Despite projected revenues going down, Brighton’s employee’s will see a 3 percent pay increase in the coming fiscal year after the town passed its $1.2 million budget Monday.
Mayor Sarah Crocker explained of the funding of the raises is possible because the town paid off a street-related loan, freeing up expenses they wanted to invest in employee salaries.
The projected decline in revenues, she said, are from new tax laws.
“We projected revenues to decline to be conservative. We have overestimated our resources in previous years. We didn’t do that this year. Thankfully we didn’t have to increase property taxes. It’s important to take care of our town employee’s because they take such good care of our town.”
Town salaries, overall, are projected to go up $28,000. The salary increase is due to hiring a new full-time town hall employee.
Raises will be distributed by department heads during the year on a merit-based system and are included in a general operating budget within each town department.
Department heads are paid a salary, plus comp time; other town employees are paid an hourly wage.
Questions were asked from the board of aldermen and Mayor Crocker regarding a few large differences in sums from previous years because there was a noticeable difference in one department’s employee bonuses.
As questions were asked regarding the full- or part-time status of the employee, town recorder Tammy McKinney retrieved a document showing the employee did receive a bonus the previous year.
McKinney said, “It was coded wrong.”
The bonus amount was listed in the employee salaries the previous year, but an error slotted it in the wrong location.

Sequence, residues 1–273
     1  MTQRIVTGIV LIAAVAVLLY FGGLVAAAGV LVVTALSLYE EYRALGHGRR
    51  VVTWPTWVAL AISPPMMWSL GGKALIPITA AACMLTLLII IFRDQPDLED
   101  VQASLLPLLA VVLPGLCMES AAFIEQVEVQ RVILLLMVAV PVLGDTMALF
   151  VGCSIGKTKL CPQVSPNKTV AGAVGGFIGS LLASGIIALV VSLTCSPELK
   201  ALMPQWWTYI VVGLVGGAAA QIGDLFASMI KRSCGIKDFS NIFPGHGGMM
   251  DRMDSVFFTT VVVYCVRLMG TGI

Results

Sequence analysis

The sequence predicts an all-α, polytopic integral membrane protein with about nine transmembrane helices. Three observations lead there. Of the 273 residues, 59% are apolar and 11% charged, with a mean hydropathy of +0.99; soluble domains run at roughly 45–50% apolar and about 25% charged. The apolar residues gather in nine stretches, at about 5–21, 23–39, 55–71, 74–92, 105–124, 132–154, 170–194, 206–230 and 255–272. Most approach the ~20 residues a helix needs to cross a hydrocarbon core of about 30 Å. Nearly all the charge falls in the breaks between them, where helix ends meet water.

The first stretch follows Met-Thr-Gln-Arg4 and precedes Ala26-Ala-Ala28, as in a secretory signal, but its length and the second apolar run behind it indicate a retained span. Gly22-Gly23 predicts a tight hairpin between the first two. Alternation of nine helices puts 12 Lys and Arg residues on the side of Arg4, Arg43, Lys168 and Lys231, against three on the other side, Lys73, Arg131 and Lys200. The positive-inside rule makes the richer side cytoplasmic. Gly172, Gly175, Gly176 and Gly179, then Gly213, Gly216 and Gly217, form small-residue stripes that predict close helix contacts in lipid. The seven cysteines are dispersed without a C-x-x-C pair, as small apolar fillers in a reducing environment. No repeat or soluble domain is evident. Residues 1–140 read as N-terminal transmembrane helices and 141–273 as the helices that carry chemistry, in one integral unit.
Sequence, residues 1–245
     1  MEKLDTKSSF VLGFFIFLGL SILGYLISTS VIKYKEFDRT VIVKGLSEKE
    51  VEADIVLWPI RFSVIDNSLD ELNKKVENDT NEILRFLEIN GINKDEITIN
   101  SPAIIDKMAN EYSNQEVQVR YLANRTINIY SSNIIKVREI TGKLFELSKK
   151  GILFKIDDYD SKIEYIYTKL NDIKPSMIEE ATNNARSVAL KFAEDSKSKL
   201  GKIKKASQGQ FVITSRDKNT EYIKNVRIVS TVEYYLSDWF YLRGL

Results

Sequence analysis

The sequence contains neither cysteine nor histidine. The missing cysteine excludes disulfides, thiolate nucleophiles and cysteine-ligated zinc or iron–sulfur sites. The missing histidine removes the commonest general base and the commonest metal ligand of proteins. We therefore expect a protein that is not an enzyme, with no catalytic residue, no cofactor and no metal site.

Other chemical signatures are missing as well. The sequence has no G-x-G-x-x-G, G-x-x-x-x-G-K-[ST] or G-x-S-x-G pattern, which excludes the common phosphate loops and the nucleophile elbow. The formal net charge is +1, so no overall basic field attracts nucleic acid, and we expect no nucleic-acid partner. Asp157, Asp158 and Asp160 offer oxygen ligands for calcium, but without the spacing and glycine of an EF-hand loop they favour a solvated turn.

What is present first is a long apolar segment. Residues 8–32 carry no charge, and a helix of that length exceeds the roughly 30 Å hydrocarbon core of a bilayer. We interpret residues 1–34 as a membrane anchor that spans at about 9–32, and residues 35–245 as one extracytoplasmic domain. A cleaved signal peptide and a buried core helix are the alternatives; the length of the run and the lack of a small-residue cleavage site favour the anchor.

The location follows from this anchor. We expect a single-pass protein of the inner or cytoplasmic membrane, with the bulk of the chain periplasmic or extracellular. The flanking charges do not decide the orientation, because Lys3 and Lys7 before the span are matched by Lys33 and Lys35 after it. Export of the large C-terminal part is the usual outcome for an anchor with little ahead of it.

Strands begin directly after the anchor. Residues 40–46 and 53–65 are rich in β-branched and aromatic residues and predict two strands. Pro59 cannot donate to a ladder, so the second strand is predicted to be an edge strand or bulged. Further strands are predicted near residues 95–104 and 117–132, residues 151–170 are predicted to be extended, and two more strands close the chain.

When asked if she planned to review previous years budgets to check for similar errors, Crocker said, “We have a system of checks and balances. I review the budget, Ms. McKinney reviews the budget, the board goes over the budget. We also have our annual state audit that reviews our numbers. Ronnie Neil also will review our final budget. It is extensively reviewed and gone over.”
Looking towards the future, alderman Shane Greer brought up the possibility of allocating funds, in a savings account, just for certain projects.
Vice mayor Stephanie Chapman-Washam said, “We’ve asked (department heads) to do this before.”
McKinney said savings accounts have been discussed in previous years.
“If you set money aside, ask to be sure that this is correct. For example, if the fire department needs a truck, and they allocate $50,000 for five years, once that money is designated for a fire truck it’s there, you can not spend it. It can only be used for a fire truck.”
Alderman Greer said, “That’s a good thing, right?”
“Yes,” said McKinney. “It’s just been a couple of years since we have discussed this.”
Additionally, Crocker and Greer discussed road paving projects which need to be completed.
“Road work is insanely expensive,” said Greer. “Just fixing pot holes cost way more than I imagined.”
Mayor Crocker said the latest road projects cost $13,000 in 2007. The loans were just paid off this year. She has been in talks with Public Works Director Johnathon Briles about doing town wide street evaluation soon. They are working to develop a five-year plan to fund the upcoming needed road repairs.
“We did put in the water budget money for road repairs, any time we mess them up. We hadn’t put money in there before for that. This year, there is money for that.”
Brighton will begin its fiscal year July 1.